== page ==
Johnson out of 200 Marsh sets world mark It's a frenzied day in track and field

August 06, 1992|By Bill Glauber | Bill Glauber,Staff Writer

BARCELONA, Spain -- Welcome to the circus.

The official gold-medal lock of the 1992 Summer Olympics, 200-meter man Michael Johnson, lost, and Mike Marsh jogged his way out of a world record.

Sandra Farmer-Patrick and Janeene Vickers finished 2-3 for the United States in the women's 400-meter hurdles finals.

And Dave almost pulled a Dan.

It was just your average, frenzied, track and field program at the 1992 Summer Olympics last night.

The big news: Say goodbye to Johnson, the sprinter from Baylor who was scorched in the 200 semifinals, finishing sixth in his heat in 20.78 seconds.

Turns out Johnson, the 1991 world champion, came to Barcelona still battling the effects of a virus that attacked him last month after he ate a dinner in Salamanca.

"I'm still happy of achieving my dream of making the Olympic team," he said. "But I had it in the back of my mind that this might happen."

Johnson lost 10 pounds and a week's worth of training while ill. He also lost the kick that made him the most feared performer in the 200. But coming off the curve, he wasn't in the lead. He wasn't even close to Namibia's Frank Fredericks.

"I've done things in the past that have amazed people," Johnson said. "This is the Olympic Games. It's something I wanted. But life goes on." Marsh was ready, winning his heat in the 200 in 19.73, an American and Olympic record that was just .01 behind the 13-year-old world mark set by Italy's Pietro Mennea in Mexico City.

"I turned it off a little bit at the end because I'll have to do this again in the final," said Marsh, 24, of Houston. "I think it will be possible to set a world record then."

Farmer-Patrick, who raced for Jamaica at the 1984 Games, arrived in Barcelona hoping for gold. But she was beaten to the finish in the women's 400 hurdles by Great Britain's Sally Gunnell, who won in 53.23. Farmer-Patrick took the silver in 53.69, and Vickers earned the bronze in 54.31.

In the first day of the decathlon, American medal-hope Dave Johnson proved that three fouls doesn't necessarily mean you are out.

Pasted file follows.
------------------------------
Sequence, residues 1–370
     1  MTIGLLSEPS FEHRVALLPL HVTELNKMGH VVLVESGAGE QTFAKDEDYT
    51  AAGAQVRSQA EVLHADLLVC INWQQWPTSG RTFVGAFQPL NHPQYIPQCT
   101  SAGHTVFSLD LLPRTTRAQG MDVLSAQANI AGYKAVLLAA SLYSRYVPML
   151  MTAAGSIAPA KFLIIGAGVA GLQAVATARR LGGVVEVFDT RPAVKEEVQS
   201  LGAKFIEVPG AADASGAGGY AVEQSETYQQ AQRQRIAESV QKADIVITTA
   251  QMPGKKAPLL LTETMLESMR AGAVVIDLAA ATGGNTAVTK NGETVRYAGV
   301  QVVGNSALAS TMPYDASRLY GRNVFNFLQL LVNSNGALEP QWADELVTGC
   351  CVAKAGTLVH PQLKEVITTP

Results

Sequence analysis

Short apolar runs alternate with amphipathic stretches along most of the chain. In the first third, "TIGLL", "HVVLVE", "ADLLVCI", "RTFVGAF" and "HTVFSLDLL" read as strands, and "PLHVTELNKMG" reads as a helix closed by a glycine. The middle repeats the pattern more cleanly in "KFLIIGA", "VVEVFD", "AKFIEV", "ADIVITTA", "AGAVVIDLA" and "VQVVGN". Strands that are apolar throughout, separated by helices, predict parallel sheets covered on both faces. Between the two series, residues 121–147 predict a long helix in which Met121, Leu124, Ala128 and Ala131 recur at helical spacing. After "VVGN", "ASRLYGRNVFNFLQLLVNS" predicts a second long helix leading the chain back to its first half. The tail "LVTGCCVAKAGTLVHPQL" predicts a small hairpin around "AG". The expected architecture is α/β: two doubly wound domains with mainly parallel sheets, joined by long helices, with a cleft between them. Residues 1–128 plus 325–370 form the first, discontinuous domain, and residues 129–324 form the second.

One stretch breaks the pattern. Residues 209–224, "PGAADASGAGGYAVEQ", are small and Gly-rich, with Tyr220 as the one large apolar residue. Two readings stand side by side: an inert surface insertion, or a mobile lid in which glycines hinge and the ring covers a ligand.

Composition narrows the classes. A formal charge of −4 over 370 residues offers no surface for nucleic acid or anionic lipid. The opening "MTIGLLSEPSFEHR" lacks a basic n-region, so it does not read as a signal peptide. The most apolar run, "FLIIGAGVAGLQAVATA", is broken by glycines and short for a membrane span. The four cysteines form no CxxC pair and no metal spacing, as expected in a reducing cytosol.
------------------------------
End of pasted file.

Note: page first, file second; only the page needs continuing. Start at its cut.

You saw Dan O'Brien pull a no-height to lose in the U.S. trials. Well, there was almost a "no put" in the shot by Johnson when he was called for three consecutive fouls.

But after a referee reversed the third foul, and the judges couldn't find a mark, Johnson got a fourth chance and recorded a personal best of 50 feet, 1 3/4 inches.

"For a few moments, I thought, 'Oh, man, bummer, I'm finished,' But I did like I was told and I got back in the competition."

Johnson, the best second-day performer in the world, was ninth with 4,154 points, but within striking range of Germany's Paul Meier, the leader with 4,510, and second-place performer Robert Zmelik, of Czechoslovakia, with 4,435 points.

However, the Los Angeles Times reported today that Johnson is apparently suffering from a stress fracture in his right foot.

"It's all about the foot. I can't talk about it right now. I'll tell you tomorrow. It'll all come out," he said.

Asked if he had a stress fracture, Johnson responded, "Maybe."

In the men's 800, 32-year-old Johnny Gray of the United States tried to avoid trouble with a front-running strategy, but he was tripped from behind and finished third in 1:43.97. At least he finished. Gray's American teammate Mark Everett also was clipped, hit the track, and never made a move to finish.

William Tanui of Kenya won the gold in 1:43.66, and his teammate, Nixon Kiprotich took the bronze in 1:43.70.

"Without the trip, I definitely could have run better," Gray said. "It just hit me with about 140 meters to go. But I will tell you this, without Johnny Gray in the race, you can't have an exciting race."

Lithuanian Romas Ubartas threw the discus 213 feet, 7 3/4 inches to win the gold, his country's first-ever Olympic medal.

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